16. STRUCTURE AND EVOLUTION OF CIRCUMBINARY DISKS AROUND SUPERMASSIVE BLACK HOLE BINARIES

    SciTech Connect

    Rafikov, Roman R.

    2013-09-10

    We explore properties of circumbinary disks around supermassive black hole (SMBH) binaries in centers of galaxies by reformulating standard viscous disk evolution in terms of the viscous angular momentum flux F{sub J}. If the binary stops gas inflow and opens a cavity in the disk, then the inner disk evolves toward a constant-F{sub J} (rather than a constant M-dot ) state. We compute disk properties in different physical regimes relevant for SMBH binaries, focusing on the gas-assisted evolution of systems starting at separations 10{sup -4} - 10{sup -2} pc, and find the following. (1) Mass pileup at the inner disk edge caused by the tidal barrier accelerates binary inspiral. (2) Binaries can be forced to merge even by a disk with a mass below that of the secondary. (3) Torque on the binary is set non-locally, at radii far larger than the binary semi-major axis; its magnitude does not reflect disk properties in the vicinity of the binary. (4) Binary inspiral exhibits hysteresis-it depends on the past evolution of the disk. (5) The Eddington limit can be important for circumbinary disks even if they accrete at sub-Eddington rates, but only at late stages of the inspiral. (6) Gas overflow across the orbit of the secondary can be important for low secondary mass, high- M-dot systems, but mainly during the inspiral phase dominated by the gravitational wave emission. (7) Circumbinary disks emit more power and have harder spectra than constant M-dot disks; their spectra are very sensitive to the amount of overflow across the secondary orbit.

  17. Hunting for brown dwarf binaries and testing atmospheric models with X-Shooter

    NASA Astrophysics Data System (ADS)

    Manjavacas, E.; Goldman, B.; Alcalá, J. M.; Zapatero-Osorio, M. R.; Béjar, V. J. S.; Homeier, D.; Bonnefoy, M.; Smart, R. L.; Henning, T.; Allard, F.

    2016-01-01

    The determination of the brown dwarf binary fraction may contribute to the understanding of the substellar formation mechanisms. Unresolved brown dwarf binaries may be revealed through their peculiar spectra or the discrepancy between optical and near-infrared spectral-type classification. We obtained medium-resolution spectra of 22 brown dwarfs with these characteristics using the X-Shooter spectrograph at the Very Large Telescope. We aimed to identify brown dwarf binary candidates, and to test if the BT-Settl 2014 atmospheric models reproduce their observed spectra. To find binaries spanning the L-T boundary, we used spectral indices and compared the spectra of the selected candidates to single spectra and synthetic binary spectra. We used synthetic binary spectra with components of same spectral type to determine as well the sensitivity of the method to this class of binaries. We identified three candidates to be combination of L plus T brown dwarfs. We are not able to identify binaries with components of similar spectral type. In our sample, we measured minimum binary fraction of 9.1^{+9.9}_{-3.0} per cent. From the best fit of the BT-Settl models 2014 to the observed spectra, we derived the atmospheric parameters for the single objects. The BT-Settl models were able to reproduce the majority of the spectral energy distributions from our objects, and the variation of the equivalent width of the Rb I (794.8 nm) and Cs I (852.0 nm) lines with the spectral type. None the less, these models did not reproduce the evolution of the equivalent widths of the Na I (818.3 and 819.5 nm) and K I (1253 nm) lines with the spectral type.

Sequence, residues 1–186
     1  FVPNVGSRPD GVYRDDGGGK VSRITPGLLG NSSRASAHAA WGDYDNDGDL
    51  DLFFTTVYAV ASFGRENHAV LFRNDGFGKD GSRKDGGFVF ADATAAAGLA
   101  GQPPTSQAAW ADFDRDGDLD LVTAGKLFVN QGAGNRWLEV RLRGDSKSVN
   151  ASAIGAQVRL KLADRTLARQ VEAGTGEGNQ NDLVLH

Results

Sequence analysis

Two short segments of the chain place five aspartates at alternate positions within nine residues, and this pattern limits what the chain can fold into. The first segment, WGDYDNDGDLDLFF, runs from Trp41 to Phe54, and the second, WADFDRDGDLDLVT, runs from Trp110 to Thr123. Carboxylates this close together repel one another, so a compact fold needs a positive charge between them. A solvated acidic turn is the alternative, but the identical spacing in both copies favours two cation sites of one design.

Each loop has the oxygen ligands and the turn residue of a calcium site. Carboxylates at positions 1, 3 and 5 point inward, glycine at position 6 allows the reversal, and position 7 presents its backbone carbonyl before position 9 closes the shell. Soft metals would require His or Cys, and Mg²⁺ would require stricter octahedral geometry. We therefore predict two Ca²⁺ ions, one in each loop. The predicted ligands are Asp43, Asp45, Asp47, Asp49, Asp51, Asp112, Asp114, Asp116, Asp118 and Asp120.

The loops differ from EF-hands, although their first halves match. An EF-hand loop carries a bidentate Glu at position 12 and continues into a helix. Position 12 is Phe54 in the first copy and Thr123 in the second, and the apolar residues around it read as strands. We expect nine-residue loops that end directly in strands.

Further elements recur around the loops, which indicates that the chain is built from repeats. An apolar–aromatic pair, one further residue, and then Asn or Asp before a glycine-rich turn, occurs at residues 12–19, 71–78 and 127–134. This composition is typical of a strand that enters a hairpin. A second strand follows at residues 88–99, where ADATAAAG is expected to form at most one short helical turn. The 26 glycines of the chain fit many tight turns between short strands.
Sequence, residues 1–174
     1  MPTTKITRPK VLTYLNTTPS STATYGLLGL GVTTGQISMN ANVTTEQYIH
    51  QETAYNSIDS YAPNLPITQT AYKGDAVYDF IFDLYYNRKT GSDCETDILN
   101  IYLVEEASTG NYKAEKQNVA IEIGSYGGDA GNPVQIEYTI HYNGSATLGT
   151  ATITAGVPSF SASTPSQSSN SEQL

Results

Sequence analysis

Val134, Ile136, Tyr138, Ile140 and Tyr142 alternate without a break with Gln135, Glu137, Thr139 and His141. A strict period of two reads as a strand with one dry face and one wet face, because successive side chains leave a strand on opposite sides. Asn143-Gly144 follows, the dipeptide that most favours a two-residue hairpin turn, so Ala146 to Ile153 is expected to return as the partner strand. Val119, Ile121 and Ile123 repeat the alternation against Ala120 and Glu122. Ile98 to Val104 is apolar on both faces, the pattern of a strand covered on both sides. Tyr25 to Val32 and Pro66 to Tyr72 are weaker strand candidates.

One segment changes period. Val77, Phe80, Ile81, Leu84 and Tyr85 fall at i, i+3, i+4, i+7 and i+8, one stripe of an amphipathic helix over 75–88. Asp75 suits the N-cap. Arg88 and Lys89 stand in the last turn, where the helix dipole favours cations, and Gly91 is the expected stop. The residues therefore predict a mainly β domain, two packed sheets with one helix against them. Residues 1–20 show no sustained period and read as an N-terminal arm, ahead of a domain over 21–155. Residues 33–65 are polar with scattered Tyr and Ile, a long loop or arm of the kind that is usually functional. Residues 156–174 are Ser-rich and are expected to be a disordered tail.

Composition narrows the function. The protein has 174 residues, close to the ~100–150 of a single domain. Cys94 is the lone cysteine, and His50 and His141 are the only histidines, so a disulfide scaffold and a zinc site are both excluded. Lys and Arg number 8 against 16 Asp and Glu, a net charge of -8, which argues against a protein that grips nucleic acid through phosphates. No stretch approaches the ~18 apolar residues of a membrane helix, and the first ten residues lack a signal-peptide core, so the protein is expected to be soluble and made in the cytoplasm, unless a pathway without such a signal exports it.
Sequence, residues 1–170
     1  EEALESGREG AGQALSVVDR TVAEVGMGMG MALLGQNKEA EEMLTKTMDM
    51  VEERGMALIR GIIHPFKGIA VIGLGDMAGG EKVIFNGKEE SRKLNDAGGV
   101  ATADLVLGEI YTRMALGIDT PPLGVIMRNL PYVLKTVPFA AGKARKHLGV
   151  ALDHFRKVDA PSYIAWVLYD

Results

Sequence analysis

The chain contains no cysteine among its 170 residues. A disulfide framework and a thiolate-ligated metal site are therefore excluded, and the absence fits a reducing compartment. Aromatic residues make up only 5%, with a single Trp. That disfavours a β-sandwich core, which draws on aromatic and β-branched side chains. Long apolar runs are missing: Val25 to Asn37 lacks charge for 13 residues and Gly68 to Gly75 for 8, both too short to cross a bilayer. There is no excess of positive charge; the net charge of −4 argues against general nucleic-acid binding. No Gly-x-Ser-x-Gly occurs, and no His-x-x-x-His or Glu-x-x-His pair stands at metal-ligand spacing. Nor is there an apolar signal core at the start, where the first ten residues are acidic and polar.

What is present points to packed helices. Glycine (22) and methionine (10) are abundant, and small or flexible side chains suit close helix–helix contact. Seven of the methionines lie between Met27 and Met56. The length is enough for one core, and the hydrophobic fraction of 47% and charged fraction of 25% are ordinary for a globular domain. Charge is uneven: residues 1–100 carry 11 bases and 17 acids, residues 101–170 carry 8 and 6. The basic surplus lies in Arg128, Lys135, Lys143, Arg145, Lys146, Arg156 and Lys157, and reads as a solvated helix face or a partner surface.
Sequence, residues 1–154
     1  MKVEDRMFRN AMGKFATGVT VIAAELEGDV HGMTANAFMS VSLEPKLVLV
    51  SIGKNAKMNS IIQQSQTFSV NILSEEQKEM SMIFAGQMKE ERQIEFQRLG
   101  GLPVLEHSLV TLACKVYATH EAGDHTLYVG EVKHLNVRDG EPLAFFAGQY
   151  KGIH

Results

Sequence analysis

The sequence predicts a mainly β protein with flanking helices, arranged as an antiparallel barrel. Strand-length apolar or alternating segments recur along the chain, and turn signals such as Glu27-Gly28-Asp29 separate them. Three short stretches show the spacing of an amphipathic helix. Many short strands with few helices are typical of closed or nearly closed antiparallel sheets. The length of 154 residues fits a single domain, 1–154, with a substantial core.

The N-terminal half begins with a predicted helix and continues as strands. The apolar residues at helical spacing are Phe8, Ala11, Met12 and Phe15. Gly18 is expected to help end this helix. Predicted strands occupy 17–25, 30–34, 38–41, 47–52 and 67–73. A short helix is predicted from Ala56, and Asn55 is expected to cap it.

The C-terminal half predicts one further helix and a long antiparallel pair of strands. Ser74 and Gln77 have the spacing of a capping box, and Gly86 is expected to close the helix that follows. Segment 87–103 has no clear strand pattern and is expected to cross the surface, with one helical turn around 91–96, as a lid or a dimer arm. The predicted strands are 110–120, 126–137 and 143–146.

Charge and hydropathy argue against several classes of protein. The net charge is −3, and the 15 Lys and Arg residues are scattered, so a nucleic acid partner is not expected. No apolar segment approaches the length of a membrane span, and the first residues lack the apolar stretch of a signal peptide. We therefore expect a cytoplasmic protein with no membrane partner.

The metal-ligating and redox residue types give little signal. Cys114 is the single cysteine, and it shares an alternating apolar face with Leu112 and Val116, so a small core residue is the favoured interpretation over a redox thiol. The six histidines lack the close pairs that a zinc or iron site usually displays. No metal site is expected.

18. Massive Binaries: Dynamical and Evolutionary Transformations

    NASA Astrophysics Data System (ADS)

    Gies, D. R.

    2012-12-01

    Observations of massive binaries offer us key insight about the formation, evolution, and destinies of massive stars. Here I review some advances in observational and theoretical studies of massive binaries. Surveys for binaries using radial velocity, photometric, and high angular resolution methods show that the binary frequency is high for O stars in clusters. Evolutionary models for interacting binaries demonstrate the importance of angular momentum transfer during Roche lobe overflow. The mass gainer may reach critical rotation and stem further accretion, and there are many observed cases that show the consequences of such mass loss and transfer. New hydrodynamical models describe colliding wind physics in eccentric binaries such as η Carinae and WR 140. All these research topics are championed by Tony Moffat, and the current richness of this field is due in large measure to his energetic pursuits.

  19. New RR Lyrae variables in binary systems

    NASA Astrophysics Data System (ADS)

    Hajdu, G.; Catelan, M.; Jurcsik, J.; Dékány, I.; Drake, A. J.; Marquette, J.-B.

    2015-04-01